James River Architects: Beautifying the cityscape a sketch at a time

R. Anderson “Rick” Moberg displays an array of vintage tools previously owned by his father and grandfather. (Photo by Karen Eure Wilson)

The hardware on the wall seems to soften as R. Anderson “Rick” Moberg shares warm memories of his family and their early influence on his life’s blueprint, which motivated him to build one of the most prominent architectural firms in the region.

Gesturing towards the wall, Moberg says, “Most of those tools are more than 100 years old. Some are my dad’s Model A Ford wrenches and some of those tools belonged to my grandfather who did all types of cabinetry.” Moberg’s love for the art of drawing and drafting with pencil and ink started at an early age.

His uncle was an architect. “He did a lot of golf course kind of chalets in fairly upscale residences, and I would watch him as a little boy. He was always hand drawing and I was somewhat excited about that,” recalls Moberg.

One of his greatest influences was his father, who was an aerospace engineer working at National Advisory Committee Aeronautics, (NACA) and later, with the National Aeronautics and Space Administration, (NASA). “I would spend time at NASA with my dad, where I got to see engineering, and I just had a passion for it so all through high school, I took drafting.”

In 11th grade, Moberg got a job with one of the first architectural firms in Newport News, Forrest Coile Associates. He worked before and after school as an office runner. After high school graduation, he went to Virginia Tech for five years and continued to work with the company every summer and during Christmas breaks.

“I went from office boy to president of the company within 25 years,” says Moberg with a smile. After 30 years with this company, he shifted to another firm. At this new firm — RWK Architects — he met H. Eugene Roberts. After five years of working together, they left the firm and established James River Architects in 2004. Moberg is president and Roberts is vice president. Bayport Credit Union is the firm’s oldest client and today, approximately 85 percent of its clients are repeat customers.

“We opened up and grew and then the recession hit and we went the other way. We came back with a significant list of ongoing projects. We have a lot of work that we’re very, very proud of,” says Moberg.

The list has several of the most eye-catching and highly visible structures in the area, including CHKD Health Center (Oyster Point); Wolseley North American Headquarters; Denbigh Community Center; Marketplace Office Building at Tech Center; Ferguson Bath, Kitchen & Lighting Gallery; Orthopedic & Spine Center; Victory Family YMCA; and Yorktown Riverwalk Landing.

One of Moberg’s most cherished projects is his work with the USS Monitor Center of Mariners Museum. “I grew up on Elm Avenue in Newport News and every Sunday after church, my Dad and I rode our bikes through the Lions Bridge area. We would go in and buy a nickel Coke and a pack of Nabs and visit a different part of the museum each time. So, with my childhood memories, when I had the opportunity to design a project that was more than $30 million dollars for the USS Monitor Center, it was just a rush of excitement. I love the museum; it’s such an asset to our community and to know that I had a part in it was… yes, I have a deep family connection to that project,” says Moberg.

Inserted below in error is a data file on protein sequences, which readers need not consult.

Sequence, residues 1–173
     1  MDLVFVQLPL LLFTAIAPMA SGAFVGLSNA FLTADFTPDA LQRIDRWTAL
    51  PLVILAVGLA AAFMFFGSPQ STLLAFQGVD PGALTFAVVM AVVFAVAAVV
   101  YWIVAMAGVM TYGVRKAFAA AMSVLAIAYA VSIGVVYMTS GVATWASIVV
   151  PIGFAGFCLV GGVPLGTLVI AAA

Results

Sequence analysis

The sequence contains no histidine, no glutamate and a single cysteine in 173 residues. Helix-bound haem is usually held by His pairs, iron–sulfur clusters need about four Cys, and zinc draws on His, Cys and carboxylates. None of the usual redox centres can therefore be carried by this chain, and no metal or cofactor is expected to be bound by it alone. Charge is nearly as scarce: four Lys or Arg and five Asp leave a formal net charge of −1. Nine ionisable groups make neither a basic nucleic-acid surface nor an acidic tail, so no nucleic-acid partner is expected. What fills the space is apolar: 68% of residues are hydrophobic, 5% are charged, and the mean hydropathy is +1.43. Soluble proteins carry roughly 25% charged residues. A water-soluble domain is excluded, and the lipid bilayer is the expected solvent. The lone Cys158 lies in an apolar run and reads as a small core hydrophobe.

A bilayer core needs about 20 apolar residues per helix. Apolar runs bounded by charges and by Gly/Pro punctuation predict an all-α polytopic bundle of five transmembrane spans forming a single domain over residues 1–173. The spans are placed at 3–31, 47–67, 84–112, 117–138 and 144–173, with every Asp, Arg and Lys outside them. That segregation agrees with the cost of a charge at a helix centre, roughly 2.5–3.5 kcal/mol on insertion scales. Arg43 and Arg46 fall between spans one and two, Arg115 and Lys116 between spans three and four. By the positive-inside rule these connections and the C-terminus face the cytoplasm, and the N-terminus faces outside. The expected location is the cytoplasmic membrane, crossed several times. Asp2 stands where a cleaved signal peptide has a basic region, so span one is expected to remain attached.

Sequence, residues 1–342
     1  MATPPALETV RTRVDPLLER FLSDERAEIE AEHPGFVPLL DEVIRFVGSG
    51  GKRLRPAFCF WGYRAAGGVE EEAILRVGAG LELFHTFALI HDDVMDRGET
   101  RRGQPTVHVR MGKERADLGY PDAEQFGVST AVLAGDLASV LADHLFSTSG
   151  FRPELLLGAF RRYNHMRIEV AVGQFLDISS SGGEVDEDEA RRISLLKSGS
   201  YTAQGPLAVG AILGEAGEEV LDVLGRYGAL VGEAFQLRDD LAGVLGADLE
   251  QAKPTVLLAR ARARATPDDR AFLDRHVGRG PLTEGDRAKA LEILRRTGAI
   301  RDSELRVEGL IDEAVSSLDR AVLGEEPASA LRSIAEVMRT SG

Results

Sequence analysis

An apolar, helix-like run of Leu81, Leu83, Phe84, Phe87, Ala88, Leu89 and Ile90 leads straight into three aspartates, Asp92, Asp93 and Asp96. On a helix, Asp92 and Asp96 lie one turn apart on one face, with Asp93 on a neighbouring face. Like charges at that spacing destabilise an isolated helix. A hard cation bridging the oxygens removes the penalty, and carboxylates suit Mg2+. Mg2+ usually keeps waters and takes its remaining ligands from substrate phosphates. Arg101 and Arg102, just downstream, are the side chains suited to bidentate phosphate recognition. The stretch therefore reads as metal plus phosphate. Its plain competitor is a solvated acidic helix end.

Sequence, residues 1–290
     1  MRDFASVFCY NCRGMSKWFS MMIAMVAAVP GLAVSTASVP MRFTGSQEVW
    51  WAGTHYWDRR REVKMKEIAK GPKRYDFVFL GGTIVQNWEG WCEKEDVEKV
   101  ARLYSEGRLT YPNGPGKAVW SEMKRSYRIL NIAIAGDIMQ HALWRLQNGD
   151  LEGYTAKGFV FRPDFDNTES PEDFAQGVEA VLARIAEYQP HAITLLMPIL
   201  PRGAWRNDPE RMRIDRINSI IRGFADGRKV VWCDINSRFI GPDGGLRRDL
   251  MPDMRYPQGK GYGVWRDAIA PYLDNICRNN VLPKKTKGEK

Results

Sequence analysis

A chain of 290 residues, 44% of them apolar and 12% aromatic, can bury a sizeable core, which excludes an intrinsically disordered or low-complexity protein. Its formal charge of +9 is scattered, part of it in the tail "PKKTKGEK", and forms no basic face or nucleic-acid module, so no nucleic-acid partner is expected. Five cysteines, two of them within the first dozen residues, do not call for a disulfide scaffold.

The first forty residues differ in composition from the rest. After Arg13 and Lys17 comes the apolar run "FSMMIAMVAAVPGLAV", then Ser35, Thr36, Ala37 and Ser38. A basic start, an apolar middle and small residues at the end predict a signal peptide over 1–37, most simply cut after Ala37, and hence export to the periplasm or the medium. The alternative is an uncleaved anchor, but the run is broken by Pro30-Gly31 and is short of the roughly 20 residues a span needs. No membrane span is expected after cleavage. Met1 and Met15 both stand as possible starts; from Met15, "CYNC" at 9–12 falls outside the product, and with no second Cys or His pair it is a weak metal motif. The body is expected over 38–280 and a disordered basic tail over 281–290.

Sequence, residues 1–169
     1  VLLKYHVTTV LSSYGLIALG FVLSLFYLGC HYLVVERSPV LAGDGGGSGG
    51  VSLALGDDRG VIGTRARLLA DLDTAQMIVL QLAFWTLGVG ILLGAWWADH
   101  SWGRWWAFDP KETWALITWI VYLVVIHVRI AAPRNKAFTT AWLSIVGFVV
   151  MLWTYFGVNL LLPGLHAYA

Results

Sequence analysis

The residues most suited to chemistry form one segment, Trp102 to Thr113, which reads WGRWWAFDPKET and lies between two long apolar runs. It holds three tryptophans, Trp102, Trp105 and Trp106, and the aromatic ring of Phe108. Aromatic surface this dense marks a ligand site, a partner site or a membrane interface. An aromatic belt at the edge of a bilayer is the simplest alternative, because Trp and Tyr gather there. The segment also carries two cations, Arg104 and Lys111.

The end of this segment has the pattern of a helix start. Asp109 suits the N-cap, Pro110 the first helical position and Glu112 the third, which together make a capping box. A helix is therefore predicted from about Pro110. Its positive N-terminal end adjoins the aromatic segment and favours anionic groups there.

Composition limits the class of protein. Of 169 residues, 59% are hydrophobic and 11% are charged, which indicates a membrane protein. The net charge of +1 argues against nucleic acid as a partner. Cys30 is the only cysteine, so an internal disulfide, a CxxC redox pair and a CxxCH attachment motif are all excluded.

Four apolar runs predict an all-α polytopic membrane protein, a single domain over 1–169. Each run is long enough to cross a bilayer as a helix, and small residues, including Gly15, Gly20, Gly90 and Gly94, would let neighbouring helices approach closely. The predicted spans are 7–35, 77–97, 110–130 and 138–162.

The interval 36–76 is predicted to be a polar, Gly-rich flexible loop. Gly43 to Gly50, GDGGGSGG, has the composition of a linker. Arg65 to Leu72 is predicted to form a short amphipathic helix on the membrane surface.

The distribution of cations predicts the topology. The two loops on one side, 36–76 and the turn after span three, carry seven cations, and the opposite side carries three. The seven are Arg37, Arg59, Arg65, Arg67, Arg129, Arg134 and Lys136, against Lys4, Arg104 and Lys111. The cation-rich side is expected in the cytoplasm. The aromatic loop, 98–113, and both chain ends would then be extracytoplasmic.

The firm also has a strong connection and commitment to the community and to the betterment of the environment. Moberg is certified in seven states and is a member of organizations such as the American Institute of Architects (AIA), the Commercial Interior Design Association. He is also certified as a LEED Green Associate. Core values associated with organizations such as AIA include human and civil rights, architecture that strengthens communities and policies that protect the environment.

As “net zero buildings” are part of the current vernacular, Moberg’s use of recycled steel, products with low volatile organic compounds, glass that is energy efficient, UV reflective and usage of other materials that use recycled content is a priority. While there are increased costs associated with “hitting new zero,” Moberg balances budget and efficiency with the reality that people are creatures of comfort and not everybody agrees with a change in lifestyle. “It can be a challenge,” Moberg says with a grin.

As a stroll through Moberg’s office reveals an impressive display of models and landscapes he and Roberts have designed, it becomes evident that it is nearly impossible to travel anywhere in the area without seeing a James River Architect’s creation. Each project stands as a beacon of success, and at their foundations stands a man who exhibits humility and gratitude that his youthful passion to design and draw evolved and is now being used and enjoyed by families representing multiple generations. His father and grandfather would be pleased.

TO THE POINT:
James River Architects
Contact: R. Anderson (Rick) Moberg, principal
Address: 11832 Rock Landing Dr., Ste. 304, Newport News, VA, 23606
Phone: 757-595-5504
Email: moberg@jamesriverarchitects.com
Website: jamesriverarchitects.com

Karen Eure Wilson
About Karen Eure Wilson 17 Articles
Karen Eure Wilson is a mother, an evangelist, entrepreneur, print journalist, author, speaker and broadcast producer. She entered the world of journalism as a mass media major at Hampton University and honed those skills as a public affairs specialist at Fort Eustis and Langley AFB. In this "second season" of her life, she has coined the term "DIP" (deliberate, intentional and protective) as her map for navigating the adventures and opportunities that lie ahead. Karen wrote for the Oyster Pointer for three years, 2010 - 2013, and happily returns to help highlight the great people and programs of Newport News and the surrounding area.

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